BUDAPEST (Reuters) – U.S. and Hungarian conservatives must join forces in 2024 elections to “take back” institutions in Washington and Brussels from liberals who threaten western civilization, Prime Minister Viktor Orban said on Thursday.
Orban, a Hungarian nationalist who was addressing a conservative gathering in Dallas, also said the United States needs a strong leader to negotiate a peace deal for Russia to end the war in Ukraine, Hungary’s neighbor.
“Only a strong leader can negotiate peace,” Orban said, speaking to the Conservative Political Action Conference (CPAC), a prominent U.S. political organization. “We need a strong America with a strong leader.”
Orban didn’t specifically refer to former U.S. President Donald Trump, who has hinted publicly that he will seek the presidency again in 2024. Trump has endorsed over 100 conservative candidates ahead of this year’s mid-term U.S. elections.
But Orban and Trump had warm relations and the Hungarian leader endorsed Trump ahead of the 2020 U.S. vote. Before the CPAC conference, he wished Trump success in a video message.
As with Trump in the United States, Orban has been widely criticized in Europe. Leaders of the European Union, of which Hungary is a member, have said he has undermined democracy with measures that restrict immigration and give his government control over the media and non-governmental organizations.
Orban, who was re-elected for a fourth consecutive term in April, said the stakes are high for 2024. In addition to the U.S. election, Europeans will vote on European Parliament seats that year.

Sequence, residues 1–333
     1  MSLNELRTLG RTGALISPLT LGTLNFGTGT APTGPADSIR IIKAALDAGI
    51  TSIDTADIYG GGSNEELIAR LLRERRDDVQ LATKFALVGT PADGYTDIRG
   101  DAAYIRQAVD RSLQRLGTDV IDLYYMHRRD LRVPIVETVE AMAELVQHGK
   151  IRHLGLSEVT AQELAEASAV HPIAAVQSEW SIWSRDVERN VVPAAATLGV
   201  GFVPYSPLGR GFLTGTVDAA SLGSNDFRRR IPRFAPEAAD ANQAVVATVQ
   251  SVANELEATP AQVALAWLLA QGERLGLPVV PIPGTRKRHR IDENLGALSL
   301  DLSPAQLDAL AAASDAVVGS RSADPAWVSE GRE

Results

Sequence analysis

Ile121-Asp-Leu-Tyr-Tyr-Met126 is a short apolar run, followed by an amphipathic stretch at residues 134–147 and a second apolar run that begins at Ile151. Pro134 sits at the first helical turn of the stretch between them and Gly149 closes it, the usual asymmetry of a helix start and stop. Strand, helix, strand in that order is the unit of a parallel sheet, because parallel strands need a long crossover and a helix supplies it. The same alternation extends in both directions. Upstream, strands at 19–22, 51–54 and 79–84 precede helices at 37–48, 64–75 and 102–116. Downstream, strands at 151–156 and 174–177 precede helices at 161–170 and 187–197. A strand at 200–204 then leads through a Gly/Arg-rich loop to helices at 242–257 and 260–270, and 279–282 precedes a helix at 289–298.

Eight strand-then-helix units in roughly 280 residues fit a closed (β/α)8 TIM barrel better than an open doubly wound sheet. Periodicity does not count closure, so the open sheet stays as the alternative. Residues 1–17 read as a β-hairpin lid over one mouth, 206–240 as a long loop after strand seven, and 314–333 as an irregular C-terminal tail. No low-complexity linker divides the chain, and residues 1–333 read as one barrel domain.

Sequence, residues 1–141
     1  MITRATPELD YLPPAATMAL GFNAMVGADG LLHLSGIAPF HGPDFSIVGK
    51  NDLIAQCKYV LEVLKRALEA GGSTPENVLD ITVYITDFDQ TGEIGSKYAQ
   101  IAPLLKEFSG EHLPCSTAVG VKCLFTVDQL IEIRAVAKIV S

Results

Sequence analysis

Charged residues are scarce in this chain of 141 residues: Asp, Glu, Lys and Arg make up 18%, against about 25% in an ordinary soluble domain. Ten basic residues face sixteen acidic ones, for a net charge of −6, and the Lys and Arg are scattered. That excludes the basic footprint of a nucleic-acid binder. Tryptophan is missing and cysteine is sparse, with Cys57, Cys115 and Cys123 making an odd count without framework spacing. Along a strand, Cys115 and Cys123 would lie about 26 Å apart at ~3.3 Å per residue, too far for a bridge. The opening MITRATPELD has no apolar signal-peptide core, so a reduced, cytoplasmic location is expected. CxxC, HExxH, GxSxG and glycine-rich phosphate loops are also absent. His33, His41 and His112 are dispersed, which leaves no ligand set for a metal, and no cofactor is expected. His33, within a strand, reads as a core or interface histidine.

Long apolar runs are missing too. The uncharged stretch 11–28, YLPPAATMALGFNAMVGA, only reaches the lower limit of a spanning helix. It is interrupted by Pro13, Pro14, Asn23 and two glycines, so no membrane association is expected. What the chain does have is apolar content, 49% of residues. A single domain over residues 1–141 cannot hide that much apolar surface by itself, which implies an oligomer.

“These two locations will define the two fronts in the battle for western civilization,” Orban said.
Calling himself “an old fashioned freedom fighter,” Orban said Hungary and his government were “under the siege of progressive liberals.”
He said progressives seek to separate western civilization from its Christian roots. His government’s fierce anti-immigration stance, pro-family policies and rejection of gender ideology resist those efforts, he added.
“This war is a culture war,” Orban said. “We have to revitalize our churches, our families, our universities and our community institutions.”
In a speech last month, Orban said that in contrast to Western Europe, where locals mixed with non-European immigrants, Hungary was not a “mixed-race” country. His words drew condemnation from the United States, the European Union, Jewish groups and academics.
A few days later Orban backtracked, saying sometimes he said things in a way “that can be misunderstood.”
He told CPAC that those who accused him or his government of racism were “idiots.” He said his government had adopted a “zero tolerance” policy on racism and antisemitism.
“Accusing us is fake news,” he added.
(Reporting by Krisztina Than. Edited by Paulo Prada)